Published on : Friday, October 30, 2020
Boeing recently confirmed that it has decided to cut down another 7,000 jobs as losses from the COVID-19 pandemic continue to devastate the aviation sector. The US manufacturer, had already announced deep cuts, and mentioned that staff numbers of the company would be down to 130,000 by the end of next year. Therefore, the company will have 20% fewer employees going into 2021 than the 160,000 it had before COVID-19 pandemic.
The latest decision arrives following Boeing’s report of a $466 million net loss for the third quarter, as compared to a profit of £1.2 billion for the same period last year. The company witnessed revenue drop 29% to $14.1 billion for the three-months to September 30, down from $20 billion last year. Boeing said concerns about its 737 Max jet had also contributed to a slump in orders.
However, the company is also expecting that U.S. deliveries of the 737 Max would resume before the end of the year, albeit at deeply reduced production rates. The fleet has been grounded since March 2019 after 346 people died in two separate air crashes. Boeing also said it had made steady progress toward the safe return to service of the 737 Max, including rigorous certification and validation flights conducted by the United States Federal Aviation Administration, Transport Canada and the European Union Aviation Safety Agency.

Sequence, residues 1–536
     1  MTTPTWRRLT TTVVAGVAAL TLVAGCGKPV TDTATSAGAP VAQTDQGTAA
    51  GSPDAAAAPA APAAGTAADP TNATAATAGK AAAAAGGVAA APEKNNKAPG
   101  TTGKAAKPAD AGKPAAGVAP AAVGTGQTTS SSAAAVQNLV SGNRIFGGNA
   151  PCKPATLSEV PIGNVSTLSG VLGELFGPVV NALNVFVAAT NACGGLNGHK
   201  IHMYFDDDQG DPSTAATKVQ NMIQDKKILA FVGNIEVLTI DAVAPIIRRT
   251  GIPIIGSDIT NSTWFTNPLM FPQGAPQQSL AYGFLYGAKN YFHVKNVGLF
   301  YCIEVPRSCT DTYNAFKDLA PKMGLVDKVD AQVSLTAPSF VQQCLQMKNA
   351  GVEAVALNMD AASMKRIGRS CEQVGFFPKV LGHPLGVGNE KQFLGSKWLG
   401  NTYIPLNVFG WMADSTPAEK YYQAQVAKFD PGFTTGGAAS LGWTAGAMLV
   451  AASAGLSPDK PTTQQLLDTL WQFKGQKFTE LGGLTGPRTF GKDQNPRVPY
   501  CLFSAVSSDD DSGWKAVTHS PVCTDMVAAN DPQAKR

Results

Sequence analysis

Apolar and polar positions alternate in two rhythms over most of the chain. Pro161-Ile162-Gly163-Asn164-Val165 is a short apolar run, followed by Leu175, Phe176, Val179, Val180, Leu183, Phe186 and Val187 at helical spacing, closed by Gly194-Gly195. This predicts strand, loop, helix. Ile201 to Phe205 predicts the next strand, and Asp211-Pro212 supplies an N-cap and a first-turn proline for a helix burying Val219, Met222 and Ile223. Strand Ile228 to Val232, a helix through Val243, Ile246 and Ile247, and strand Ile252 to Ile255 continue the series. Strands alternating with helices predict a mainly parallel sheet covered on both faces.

The 737 Max has now completed around 1,400 test and check flights and more than 3,000 flight hours as it progresses through the robust and comprehensive certification process. The joint operational evaluation board, featuring civil aviation authorities from the United States, Canada, Brazil, and the European Union, also conducted its evaluations of updated crew training.
Dave Calhoun, Chief Executive, Boeing said in a statement that the global pandemic continued to add pressure to the business this quarter, and informed that the company is aligning to the new reality by closely managing liquidity and transforming the enterprise to be sharper, more resilient and more sustainable for the long term. He mentioned that Boeing’s diverse portfolio, including government services, defence and space programs, continues to provide some stability for the company as it adapts and rebuilds for the other side of the pandemic and remain focused on the health and safety of employees and their communities.